Children's Health and Wellness

Breast Self-Awareness

Your breasts change as you go through different stages of your life. It's important to learn what is normal for your breasts. This is called breast self-awareness. The key to breast self-awareness is knowing how your breasts normally look and feel. This helps you to notice any changes.

Many experts now say that women should focus on breast self-awareness instead of doing a breast self-examination (BSE). These experts include the American Cancer Society, the U.S. Preventive Services Task Force, and the American Congress of Obstetricians and Gynecologists. Some experts even advise not teaching women to do BSEs. That’s because research hasn’t shown a clear benefit to doing BSEs.

Breast self-awareness isn’t about following a certain method and schedule. Breast self-awareness is knowing what's normal for your breasts. That way you can notice even small changes right away. If you see any changes, report them to your healthcare provider right away.

Changes to look for

Call your provider if you find any changes in your breasts that concern you. These changes may include:

  • A lump

  • Nipple discharge other than breast milk, especially a bloody discharge

  • Swelling

  • A change in size or shape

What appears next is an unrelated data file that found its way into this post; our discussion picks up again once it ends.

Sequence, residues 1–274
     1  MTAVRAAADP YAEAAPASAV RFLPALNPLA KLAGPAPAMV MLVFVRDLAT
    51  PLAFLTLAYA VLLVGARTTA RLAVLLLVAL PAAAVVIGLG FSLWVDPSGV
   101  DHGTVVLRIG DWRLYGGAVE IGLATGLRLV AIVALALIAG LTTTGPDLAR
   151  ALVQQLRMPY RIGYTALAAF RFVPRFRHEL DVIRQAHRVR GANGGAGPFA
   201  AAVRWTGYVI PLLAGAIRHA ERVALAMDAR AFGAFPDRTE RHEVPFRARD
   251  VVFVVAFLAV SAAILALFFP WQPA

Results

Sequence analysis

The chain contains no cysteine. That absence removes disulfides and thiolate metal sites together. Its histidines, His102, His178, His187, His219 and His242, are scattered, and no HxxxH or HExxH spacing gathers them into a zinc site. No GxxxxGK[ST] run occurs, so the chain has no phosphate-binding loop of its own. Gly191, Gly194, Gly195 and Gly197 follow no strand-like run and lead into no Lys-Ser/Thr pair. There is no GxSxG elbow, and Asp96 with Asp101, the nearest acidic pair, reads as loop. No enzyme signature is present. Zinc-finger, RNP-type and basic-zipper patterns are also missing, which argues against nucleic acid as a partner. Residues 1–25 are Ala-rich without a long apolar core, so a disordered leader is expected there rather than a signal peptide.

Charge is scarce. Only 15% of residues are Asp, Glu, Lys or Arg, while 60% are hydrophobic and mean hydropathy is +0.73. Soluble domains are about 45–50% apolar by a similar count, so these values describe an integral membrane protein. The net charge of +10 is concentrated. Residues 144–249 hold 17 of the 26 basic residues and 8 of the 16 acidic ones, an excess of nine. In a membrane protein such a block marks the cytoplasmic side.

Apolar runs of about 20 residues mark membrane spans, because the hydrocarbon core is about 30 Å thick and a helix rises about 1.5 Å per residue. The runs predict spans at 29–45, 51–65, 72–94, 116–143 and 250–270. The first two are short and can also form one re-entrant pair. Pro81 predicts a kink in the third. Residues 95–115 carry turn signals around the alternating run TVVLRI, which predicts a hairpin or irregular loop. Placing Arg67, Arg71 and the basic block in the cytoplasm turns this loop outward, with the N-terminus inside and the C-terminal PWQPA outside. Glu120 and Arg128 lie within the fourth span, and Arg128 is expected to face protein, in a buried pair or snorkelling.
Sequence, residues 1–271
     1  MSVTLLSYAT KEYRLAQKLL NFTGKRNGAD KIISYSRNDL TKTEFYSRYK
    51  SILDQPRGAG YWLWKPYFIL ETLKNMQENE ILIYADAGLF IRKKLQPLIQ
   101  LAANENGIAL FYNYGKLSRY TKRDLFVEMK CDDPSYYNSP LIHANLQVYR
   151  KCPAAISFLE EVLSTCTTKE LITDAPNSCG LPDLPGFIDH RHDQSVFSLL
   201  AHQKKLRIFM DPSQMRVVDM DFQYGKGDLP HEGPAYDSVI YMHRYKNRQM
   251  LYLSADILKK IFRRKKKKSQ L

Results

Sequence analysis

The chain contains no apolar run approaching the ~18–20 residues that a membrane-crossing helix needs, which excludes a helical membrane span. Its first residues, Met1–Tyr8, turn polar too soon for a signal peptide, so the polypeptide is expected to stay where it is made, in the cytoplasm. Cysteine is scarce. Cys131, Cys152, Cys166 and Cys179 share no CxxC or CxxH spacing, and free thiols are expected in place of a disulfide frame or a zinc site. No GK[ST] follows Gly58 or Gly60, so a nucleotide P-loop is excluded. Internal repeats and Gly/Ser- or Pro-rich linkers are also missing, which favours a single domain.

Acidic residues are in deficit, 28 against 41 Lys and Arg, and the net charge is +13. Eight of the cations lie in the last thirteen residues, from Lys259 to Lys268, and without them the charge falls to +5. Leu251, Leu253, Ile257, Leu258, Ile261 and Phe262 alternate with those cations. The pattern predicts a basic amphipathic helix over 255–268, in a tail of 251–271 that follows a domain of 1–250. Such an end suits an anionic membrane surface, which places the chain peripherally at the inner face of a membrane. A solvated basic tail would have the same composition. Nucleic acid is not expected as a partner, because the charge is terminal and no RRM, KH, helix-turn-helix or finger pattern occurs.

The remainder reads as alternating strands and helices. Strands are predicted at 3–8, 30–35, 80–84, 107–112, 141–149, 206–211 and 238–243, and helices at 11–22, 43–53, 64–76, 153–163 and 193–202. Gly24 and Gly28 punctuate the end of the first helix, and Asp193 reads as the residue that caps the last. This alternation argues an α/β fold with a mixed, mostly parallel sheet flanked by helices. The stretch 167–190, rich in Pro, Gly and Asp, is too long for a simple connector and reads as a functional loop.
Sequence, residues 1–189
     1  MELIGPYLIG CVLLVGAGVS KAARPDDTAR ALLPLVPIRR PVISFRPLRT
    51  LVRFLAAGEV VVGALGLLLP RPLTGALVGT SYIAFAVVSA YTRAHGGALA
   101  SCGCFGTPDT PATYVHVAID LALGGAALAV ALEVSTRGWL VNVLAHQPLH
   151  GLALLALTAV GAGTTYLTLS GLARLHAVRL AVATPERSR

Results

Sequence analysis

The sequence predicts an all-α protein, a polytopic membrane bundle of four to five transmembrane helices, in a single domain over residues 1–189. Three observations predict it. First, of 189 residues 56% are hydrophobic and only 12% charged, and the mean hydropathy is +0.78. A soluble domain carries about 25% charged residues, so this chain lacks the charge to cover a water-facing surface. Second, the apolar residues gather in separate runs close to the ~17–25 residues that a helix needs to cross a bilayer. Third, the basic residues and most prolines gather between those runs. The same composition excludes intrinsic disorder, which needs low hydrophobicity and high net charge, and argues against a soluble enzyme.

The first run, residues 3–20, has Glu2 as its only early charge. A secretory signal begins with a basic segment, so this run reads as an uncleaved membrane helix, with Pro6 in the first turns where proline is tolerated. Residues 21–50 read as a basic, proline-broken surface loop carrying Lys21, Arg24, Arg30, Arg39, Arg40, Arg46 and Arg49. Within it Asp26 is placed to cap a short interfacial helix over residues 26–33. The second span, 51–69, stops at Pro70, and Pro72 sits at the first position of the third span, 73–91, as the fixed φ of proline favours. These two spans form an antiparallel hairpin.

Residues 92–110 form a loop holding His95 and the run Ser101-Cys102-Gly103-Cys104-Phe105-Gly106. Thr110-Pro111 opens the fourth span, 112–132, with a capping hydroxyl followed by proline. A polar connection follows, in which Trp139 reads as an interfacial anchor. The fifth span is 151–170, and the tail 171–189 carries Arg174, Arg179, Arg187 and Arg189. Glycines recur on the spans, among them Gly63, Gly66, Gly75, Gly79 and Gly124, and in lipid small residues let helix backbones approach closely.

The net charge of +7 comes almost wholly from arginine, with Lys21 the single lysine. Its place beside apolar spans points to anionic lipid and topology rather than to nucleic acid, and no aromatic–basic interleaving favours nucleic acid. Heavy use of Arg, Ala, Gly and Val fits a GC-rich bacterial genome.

• Skin irritation, such as redness, thickening, or dimpling of the skin

  • Swollen lymph nodes in the armpit

  • Nipple problems, such as pain or redness

What if I find a lump?

Contact your provider if you find lumpiness in one breast, feel something different in the tissue, or feel a definite lump. Sometimes the lumpiness may be due to menstrual changes. But there may be reason for concern.

Your provider may want to see you right away if you have:

  • Nipple discharge that is bloody

  • Skin changes on your breast, such as dimpling or puckering

It’s normal to be upset if you find a lump. But it’s important to contact your provider right away. Remember that most breast lumps are benign. This means they are not cancer.

Print Source: Christinsen-Rengel, Linda. Women's Health: A Primary Care Clinical Guide. 4th Ed., 2013. Chapter 17: Breast Health
Print Source: Screening for breast cancer: Strategies and recommendations. UpToDate
Online Source: ACOG Updates Brease Cancer Screening Guidelines, American Academy of Family Physicians
Online Source: Mammography and Other Screening Tests for Breast Problems, ACOG
Online Source: Understanding Breast Changes: A Health Guide for Women, National Cancer Institute
Online Source: American Cancer Society recommendations for early breast cancer detection in women without breast symptoms, ACS
Online Source: Breast Awareness and Self Exam, American Cancer Society
Online Source: Breast Cancer Screening, National Guideline Clearinghouse
Online Source: Breast Cancer: Screening, U.S. Preventive Services Task Forcehttp://www.
Online Editor: Geller, Arlene
Online Editor: Tchang, Kimberly
Online Medical Reviewer: Cunningham, Louise, RN
Online Medical Reviewer: Foster, Sara, RN, MPH
Online Medical Reviewer: Horowitz, Diane, MD
Online Medical Reviewer: Stump-Sutliff, Kim, RN, MSN, AOCNS
Date Last Reviewed: 8/10/2015
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